(After the new hire comes back from break and I let the sales floor coworker go back to their area, I go into the bathroom to find that it REEKS of bleach, like someone scrubbed every surface and then mopped with it. I am pregnant at the time, and I’m already sensitive to the smell of cleaning products, anyway, so I immediately get nauseous and have to step outside for fresh air. When I finally feel better, I go inside and approach the new guy.)

Me: “[New Hire]! Did you use bleach to clean the bathrooms?”

New Hire: *as if I asked a dumb question* “Well, yeah.”

Me: “Seriously? You know we have specific bathroom cleaner, right?”

New Hire: *again, he speaks down to me like I’m dumb* “Well, it was empty.”

Me: *I’m trying to be the better person and not give him the same attitude* “Next time, ask someone how to refill the bathroom cleaner. If nobody is able to help, just clean the best you can; fill the bottle with water to dilute whatever is left in there. Bleach is awfully harsh to use in a public bathroom. I know there are vents in there, but there’s not enough circulation.”

New Hire: *looks at me like I have three heads* “Oooookay.”

Me: “You’re on the schedule for bathrooms at 7:30, too, right? I’ll do it and refill the cleaner. Make sure you check in with me before you clock out.”

(Surprise, surprise, since I was cleaning the bathroom, he didn’t tell me when he clocked out at eight, and he didn’t clean up his register. There were other issues with him, like taking breaks that were too short or too long, and giving us attitude. Even when he was talked to about those things, he still didn’t listen. Somehow, he wasn’t quite bad enough to fire, but he wasn’t one of the seasonal workers who got hired on year-round. A few days before his last day, he just walked out on another manager and we never saw him again. Thank goodness!)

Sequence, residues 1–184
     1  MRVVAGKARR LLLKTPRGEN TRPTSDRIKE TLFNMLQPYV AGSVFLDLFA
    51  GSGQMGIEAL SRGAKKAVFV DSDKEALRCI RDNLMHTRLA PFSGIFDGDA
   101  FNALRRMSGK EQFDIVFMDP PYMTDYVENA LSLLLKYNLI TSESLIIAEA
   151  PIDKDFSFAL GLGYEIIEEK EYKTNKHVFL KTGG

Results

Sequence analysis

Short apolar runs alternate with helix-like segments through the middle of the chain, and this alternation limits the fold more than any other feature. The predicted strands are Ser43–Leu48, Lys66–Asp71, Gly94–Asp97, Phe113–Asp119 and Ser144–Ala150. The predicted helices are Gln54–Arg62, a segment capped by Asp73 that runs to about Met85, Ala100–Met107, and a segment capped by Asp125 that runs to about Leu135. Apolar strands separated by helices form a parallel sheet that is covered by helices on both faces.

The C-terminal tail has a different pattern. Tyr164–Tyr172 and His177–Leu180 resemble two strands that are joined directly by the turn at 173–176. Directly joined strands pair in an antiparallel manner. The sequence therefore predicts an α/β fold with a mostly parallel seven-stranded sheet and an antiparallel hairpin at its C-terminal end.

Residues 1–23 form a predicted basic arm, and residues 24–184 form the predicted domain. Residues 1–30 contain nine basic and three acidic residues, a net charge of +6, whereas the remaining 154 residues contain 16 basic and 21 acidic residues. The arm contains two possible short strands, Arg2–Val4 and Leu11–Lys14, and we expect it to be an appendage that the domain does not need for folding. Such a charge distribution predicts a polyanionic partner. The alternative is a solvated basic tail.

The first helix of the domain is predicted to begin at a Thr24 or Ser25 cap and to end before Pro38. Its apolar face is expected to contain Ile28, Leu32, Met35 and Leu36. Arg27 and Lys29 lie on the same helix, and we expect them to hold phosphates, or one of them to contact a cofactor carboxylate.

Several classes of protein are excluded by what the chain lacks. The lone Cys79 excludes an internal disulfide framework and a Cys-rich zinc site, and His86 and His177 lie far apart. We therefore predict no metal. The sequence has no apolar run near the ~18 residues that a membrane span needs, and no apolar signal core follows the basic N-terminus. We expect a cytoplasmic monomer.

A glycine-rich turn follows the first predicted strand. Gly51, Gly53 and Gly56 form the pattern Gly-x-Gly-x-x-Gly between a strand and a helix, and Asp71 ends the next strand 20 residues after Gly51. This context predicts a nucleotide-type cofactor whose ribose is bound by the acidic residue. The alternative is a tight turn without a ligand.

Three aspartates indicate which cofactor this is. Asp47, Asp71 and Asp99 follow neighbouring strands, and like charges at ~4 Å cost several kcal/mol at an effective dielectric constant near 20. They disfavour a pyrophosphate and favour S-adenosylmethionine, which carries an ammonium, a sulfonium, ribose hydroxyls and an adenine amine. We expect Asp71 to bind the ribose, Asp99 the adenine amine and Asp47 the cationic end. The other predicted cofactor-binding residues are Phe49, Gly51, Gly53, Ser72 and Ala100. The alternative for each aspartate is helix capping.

Will Be Here Until We’re Eighty

, , , , | Working | October 3, 2017

(I’m the dumb employee in this story. I’m working as a cashier, and having just started the new job a week earlier, I’m not familiar with all of it yet. The customer has a huge pile of paper trash bags that are tied with a string. I assume I have to count them all since each bag has an individual bar code.)